Who conducts the investigation
The rules concerning aircraft accidents fall under ICAO Annex 13 and apply to the 192 Member States.
This is the country where the accident occurs which is responsible for the investigation, the crash of Swissair 111 near the Canadian coast is an excellent example of this rule: the aircraft was registered in Switzerland, was operated by a Swiss company, had been built in the United States and had taken off from the USA to Switzerland, yet it was the Canadian TSB that carried out the investigation. This investigation is the largest and most expensive in the history of the TSB.
If the State where the accident occurs does not have the resources to conduct the investigation, it may request the assistance of any ICAO Member State, it may also seek the services of any the persons he deems competent.
The following States also participate in the investigation in order of priority
• The state where the aircraft is registered
• The state where the operator is located
• The state where the aircraft was designed
• The state where the aircraft was built
Countries whose nationals have lost their lives during the accident may also delegate an observer; that’s what Canada did with ETH-302.
Given the complexity of modern airliners, most of the time the aircraft manufacturer designates several assistants to support the investigating group. If there is a possibility of engine failure, the engine manufacturer may have to delegate one or more assistants.
The rights and duties of States in aircraft accident investigation
The deadline for filing an investigation report is one year and if the investigation is not completed at that time, then an interim report is required. It is the lead investigator who decides on the disclosure of information or investigative material. There is no obligation to hold press briefings or reports unless, during the course of the investigation facts relating to aviation safety were discovered. In such a case, the lead investigator must produce an interim report within the shortest period of time.
In the case of ETH-302, NTSB, BAE and Boeing assistants are not permitted to disclose information without the consent of the lead investigator, unless of course one of the investigators or stakeholders consider that aviation safety is at stake.
The case of the B737MAX
Since the B737MAX has been banned from flying around the world, there is no urgency to release important facts surrounding the safety of this aircraft if the BEA discovers some after the interpretation of the flight data recorder and the cockpit voice recorder. But Boeing is working on an modification of the MCAS and will probably want to lift the flight ban as soon as possible. If the return in service of the B737MAX poses a problem to aviation safety, then the lead investigator will be required to produce an interim report. In the case of this investigation, Ethiopian investigators will no doubt wish to entrust the BAE with the task of disclosing the information and explanations.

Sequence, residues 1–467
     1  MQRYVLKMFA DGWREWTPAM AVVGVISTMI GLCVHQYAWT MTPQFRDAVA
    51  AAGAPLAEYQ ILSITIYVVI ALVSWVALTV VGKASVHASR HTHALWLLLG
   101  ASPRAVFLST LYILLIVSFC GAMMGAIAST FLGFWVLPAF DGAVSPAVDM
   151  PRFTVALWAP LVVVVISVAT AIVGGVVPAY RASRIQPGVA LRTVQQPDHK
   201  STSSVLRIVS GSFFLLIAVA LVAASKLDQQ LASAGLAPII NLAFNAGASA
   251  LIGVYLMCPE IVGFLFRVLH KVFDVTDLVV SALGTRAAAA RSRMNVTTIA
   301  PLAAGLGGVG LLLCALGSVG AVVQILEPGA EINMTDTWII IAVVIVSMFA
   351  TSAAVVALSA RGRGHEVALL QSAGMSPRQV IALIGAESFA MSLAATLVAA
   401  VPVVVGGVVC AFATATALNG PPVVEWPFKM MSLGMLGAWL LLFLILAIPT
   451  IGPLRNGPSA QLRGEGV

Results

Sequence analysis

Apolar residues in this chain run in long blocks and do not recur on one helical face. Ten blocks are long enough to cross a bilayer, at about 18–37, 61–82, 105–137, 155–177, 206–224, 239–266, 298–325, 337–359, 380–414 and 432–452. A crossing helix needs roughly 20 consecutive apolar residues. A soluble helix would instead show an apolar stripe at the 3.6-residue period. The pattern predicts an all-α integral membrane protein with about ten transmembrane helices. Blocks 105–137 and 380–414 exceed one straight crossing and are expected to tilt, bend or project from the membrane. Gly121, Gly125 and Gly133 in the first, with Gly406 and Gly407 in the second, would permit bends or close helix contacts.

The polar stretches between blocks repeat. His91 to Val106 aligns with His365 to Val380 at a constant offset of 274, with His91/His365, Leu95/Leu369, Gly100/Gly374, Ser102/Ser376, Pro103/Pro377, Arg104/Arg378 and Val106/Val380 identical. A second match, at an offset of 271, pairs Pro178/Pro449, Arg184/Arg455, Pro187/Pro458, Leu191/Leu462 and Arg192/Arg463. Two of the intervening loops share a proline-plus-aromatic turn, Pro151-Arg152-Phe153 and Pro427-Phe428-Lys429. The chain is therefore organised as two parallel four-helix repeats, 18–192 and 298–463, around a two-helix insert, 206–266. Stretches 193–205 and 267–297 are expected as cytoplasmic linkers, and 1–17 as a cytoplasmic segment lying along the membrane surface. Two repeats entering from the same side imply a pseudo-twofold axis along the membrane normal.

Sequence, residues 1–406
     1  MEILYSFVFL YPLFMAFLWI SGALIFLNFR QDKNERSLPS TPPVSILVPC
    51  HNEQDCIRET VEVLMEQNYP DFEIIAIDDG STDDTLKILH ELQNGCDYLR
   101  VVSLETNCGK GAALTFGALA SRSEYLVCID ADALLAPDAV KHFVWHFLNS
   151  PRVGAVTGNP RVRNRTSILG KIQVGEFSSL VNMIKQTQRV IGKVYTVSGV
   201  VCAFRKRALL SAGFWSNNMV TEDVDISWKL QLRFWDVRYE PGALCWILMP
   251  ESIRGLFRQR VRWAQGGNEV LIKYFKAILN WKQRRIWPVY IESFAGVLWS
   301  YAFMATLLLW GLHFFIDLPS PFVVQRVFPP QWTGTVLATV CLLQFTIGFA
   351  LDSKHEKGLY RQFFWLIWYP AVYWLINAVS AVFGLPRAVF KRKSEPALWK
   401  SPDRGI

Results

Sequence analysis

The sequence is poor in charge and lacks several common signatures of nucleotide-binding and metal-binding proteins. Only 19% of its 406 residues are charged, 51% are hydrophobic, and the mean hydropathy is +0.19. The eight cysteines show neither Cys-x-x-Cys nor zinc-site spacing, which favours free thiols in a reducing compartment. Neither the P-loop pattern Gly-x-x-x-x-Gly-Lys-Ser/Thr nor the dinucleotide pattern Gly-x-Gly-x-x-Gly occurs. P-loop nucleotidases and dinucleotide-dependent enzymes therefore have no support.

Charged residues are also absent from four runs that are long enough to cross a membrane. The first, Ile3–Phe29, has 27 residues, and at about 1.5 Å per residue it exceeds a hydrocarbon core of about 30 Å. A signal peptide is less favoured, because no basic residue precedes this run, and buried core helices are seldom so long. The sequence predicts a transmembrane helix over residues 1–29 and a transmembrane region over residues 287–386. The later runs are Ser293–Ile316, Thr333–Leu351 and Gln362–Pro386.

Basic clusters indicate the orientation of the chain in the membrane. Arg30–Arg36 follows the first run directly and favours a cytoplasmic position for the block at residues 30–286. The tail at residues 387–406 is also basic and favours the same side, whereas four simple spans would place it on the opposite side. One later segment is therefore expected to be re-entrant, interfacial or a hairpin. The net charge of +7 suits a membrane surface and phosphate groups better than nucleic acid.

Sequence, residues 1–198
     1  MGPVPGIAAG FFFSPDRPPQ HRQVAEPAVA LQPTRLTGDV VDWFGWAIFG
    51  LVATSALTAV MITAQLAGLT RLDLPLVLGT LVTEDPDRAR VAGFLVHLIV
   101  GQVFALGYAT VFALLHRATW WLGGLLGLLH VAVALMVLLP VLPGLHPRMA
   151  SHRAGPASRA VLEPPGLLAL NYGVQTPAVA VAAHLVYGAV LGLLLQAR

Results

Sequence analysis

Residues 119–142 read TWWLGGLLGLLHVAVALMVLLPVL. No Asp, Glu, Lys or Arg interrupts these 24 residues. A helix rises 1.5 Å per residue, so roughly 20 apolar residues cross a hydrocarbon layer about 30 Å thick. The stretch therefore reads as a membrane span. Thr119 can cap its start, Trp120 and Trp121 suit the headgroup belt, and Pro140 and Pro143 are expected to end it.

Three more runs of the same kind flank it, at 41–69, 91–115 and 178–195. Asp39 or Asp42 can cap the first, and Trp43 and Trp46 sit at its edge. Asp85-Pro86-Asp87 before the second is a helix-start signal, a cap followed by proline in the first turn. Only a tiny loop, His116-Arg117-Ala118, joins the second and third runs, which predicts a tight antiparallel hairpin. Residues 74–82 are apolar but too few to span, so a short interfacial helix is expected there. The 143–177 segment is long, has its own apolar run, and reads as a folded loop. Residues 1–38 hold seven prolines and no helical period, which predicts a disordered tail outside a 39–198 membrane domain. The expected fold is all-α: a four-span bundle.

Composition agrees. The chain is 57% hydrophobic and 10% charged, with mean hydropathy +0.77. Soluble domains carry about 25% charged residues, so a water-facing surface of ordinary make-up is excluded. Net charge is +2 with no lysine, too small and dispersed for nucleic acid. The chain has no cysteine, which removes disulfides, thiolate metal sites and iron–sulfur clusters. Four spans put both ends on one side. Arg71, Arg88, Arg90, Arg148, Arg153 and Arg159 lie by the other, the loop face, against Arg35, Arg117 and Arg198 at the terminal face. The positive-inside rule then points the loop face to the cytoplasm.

If the B737MAX was not involved in the crash of ETH-302 and it was rather a deliberate act by one of the two pilots (as exemple), then again the lead investigator would be well advised to produce an interim report to allow the return in service of the MAX.
The worst situation for Boeing would be that decoding the black boxes information cannot draw any conclusion, if they have malfunctioned or are damaged, it would be necessary to wait months before you can know if the B737MAX is involved or not.
The return in flight
If the BAE investigators fund that the MAX is not in cause in that crash and recommend its return in service, this should be done quickly and public opinion will be reassured by the independence of French investigators from Boeing and the FAA.
The trap that lurks Boeing is they want to return the B737MAX despite divergent opinions of investigators or civil aviation authorities of some major states such as France, Germany, Canada or China. Any attempt at a standoff with any of these states will result in a loss of confidence in the B737MAX from passengers. Boeing and the FAA may want to return the MAX in service, they will cannot force passengers to board it.>>> Follow us on Facebook and Twitter